Chicago Loan Delinquency Rate Lowest Since 2010
Special servicers — firms that get paid to work out bad real estate debt — have a lot more free time these days.
The delinquency rate on Chicago-area commercial mortgage-backed securities (CMBS) loans dipped below 5 percent in May and has stayed there, its lowest point since January 2010, according to Trepp LLC, a New York-based research firm.
The rate was 4.9 percent in July, down from 7 percent a year earlier and a peak of 10.6 percent in January 2013.
With the expanding economy boosting rents and occupancies, fewer landlords are being forced into talks with CMBS special servicers, the real estate equivalent of being sent to the woodshed. Rebounding real estate values and the robust lending climate also have helped property owners score new loans to pay off maturing ones, something many struggled to do after the crash. And a lot of the mess created by the boom and bust already has been cleaned up.
“A lot of the problem loans have been worked out, sold, foreclosed, whatever,” said mortgage broker Jeffrey Bucaro, senior vice president at Chicago-based Aries Capital LLC.
Properties that have emerged from loan trouble in recent months include the Glen Town Center, a 267,000-square-foot retail property in Glenview that was sold in May, about eight months after being repossessed by its lender, and two industrial buildings in Niles and Morton Grove. The owner of the industrial properties, Santa Monica, California-based Colony Capital LLC, recently persuaded a special servicer to push back the maturity date on about $54 million in debt on them.
123 N. WACKER, JAMES HOTEL
Yet about $791 million in Chicago-area CMBS debt is still delinquent. That includes about $121 million in debt on the office tower at 123 N. Wacker Drive and $82 million on the James Hotel in River North. Both properties carry loan balances that exceed their recent appraised values.
Trepp classifies a loan as delinquent if a borrower is more than 30 days late on a mortgage payment, or if the loan is foreclosed. The Trepp data covers commercial real estate loans that banks package and resell as bonds. The delinquency rate on commercial property loans held by banks also has declined.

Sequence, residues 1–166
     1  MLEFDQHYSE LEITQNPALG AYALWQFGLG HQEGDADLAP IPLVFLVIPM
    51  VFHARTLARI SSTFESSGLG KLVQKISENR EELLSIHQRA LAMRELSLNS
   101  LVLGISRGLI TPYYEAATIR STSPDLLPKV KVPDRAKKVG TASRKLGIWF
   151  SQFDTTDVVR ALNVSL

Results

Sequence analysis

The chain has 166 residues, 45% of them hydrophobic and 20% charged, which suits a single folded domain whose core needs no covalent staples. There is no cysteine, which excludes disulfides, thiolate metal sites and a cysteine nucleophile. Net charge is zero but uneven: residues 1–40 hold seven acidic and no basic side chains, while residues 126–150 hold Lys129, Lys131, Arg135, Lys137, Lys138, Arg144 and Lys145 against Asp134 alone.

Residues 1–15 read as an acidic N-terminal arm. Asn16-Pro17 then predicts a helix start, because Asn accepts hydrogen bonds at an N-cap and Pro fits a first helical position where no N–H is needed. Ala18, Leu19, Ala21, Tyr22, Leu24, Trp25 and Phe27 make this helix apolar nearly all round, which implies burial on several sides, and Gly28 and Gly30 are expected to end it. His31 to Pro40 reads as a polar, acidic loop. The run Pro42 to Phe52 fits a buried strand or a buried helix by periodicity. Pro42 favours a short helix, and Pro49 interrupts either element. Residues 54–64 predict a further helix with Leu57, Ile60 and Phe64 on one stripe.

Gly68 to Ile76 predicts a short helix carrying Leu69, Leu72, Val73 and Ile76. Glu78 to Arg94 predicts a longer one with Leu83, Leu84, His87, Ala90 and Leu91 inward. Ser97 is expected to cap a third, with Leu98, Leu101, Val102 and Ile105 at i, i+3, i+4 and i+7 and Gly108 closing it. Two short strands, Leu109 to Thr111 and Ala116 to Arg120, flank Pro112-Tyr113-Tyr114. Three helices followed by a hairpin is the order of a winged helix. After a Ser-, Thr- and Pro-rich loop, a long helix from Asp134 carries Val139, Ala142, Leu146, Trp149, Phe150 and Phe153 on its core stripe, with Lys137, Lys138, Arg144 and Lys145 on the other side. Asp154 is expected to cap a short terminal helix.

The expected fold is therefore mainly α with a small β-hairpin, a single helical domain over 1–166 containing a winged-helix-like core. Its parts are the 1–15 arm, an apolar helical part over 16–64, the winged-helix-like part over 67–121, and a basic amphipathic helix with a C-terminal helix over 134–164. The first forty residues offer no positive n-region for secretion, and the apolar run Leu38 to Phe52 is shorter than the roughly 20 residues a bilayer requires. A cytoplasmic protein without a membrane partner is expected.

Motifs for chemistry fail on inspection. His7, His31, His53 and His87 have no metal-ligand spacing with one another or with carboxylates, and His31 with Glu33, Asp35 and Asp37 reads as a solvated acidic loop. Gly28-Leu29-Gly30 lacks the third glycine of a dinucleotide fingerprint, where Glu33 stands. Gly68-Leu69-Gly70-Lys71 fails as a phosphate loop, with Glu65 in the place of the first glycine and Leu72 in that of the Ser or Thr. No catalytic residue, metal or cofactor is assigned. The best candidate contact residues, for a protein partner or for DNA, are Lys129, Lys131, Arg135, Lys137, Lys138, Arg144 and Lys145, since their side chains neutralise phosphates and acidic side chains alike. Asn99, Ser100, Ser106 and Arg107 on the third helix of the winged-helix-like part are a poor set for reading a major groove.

“Delinquencies will continue to drop and become less and less of an issue,” said mortgage broker David Hendrickson, a managing director at Chicago-based Jones Lang LaSalle Inc.
Some observers are concerned that bad debt will start piling up again next year, when CMBS loans start coming due that were made 10 years ago, as the market was starting to overheat. Even though lending has picked up, the worry is that some landlords won’t be able to borrow as much as they could back then, when property values were inflated and lenders lost their restraint. But Mr. Hendrickson isn’t concerned.
‘LOOKS PRETTY GOOD’
“You could have some problem loans that come up, but right now it looks pretty good,” he said.
The other question hanging over the market is whether CMBS lenders will lose their discipline like they did in the last boom, setting up the market for another crash. CMBS lenders face tougher competition from banks and insurance companies, creating incentives to loosen their lending standards.
More lenders are offering better terms like interest-only loans, making it easier for borrowers to qualify for financing. But they are still tough when it comes to evaluating the creditworthiness of properties and their owners, Mr. Bucaro said. For instance, most will approve a loan based only on existing income, not projected income, a practice that got them in trouble the last time around.
“Projections are nothing. They are questioning everything,” Mr. Bucaro said. “The underwriting is still solid. The metrics are loosening.”
Source: Chicago Real Estate Daily August 11th 2014 Alby Gallun